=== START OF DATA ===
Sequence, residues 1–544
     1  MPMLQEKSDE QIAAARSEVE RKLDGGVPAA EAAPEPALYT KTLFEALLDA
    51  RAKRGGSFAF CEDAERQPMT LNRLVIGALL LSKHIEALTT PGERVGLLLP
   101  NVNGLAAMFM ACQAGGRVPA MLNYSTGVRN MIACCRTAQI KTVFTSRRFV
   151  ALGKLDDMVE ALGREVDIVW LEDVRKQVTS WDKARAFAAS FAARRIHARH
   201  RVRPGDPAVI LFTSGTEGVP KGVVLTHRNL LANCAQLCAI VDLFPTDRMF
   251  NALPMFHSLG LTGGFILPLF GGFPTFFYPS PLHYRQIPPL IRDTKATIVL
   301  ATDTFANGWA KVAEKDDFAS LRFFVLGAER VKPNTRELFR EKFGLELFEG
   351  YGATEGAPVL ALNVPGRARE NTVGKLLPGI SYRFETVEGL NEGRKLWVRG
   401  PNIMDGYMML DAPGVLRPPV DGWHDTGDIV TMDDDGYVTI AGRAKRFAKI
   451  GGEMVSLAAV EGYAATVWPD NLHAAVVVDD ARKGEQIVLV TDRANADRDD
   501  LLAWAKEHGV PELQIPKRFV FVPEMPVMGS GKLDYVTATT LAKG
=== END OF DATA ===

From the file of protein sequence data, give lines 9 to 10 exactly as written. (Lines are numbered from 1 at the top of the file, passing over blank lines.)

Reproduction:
   351  YGATEGAPVL ALNVPGRARE NTVGKLLPGI SYRFETVEGL NEGRKLWVRG
   401  PNIMDGYMML DAPGVLRPPV DGWHDTGDIV TMDDDGYVTI AGRAKRFAKI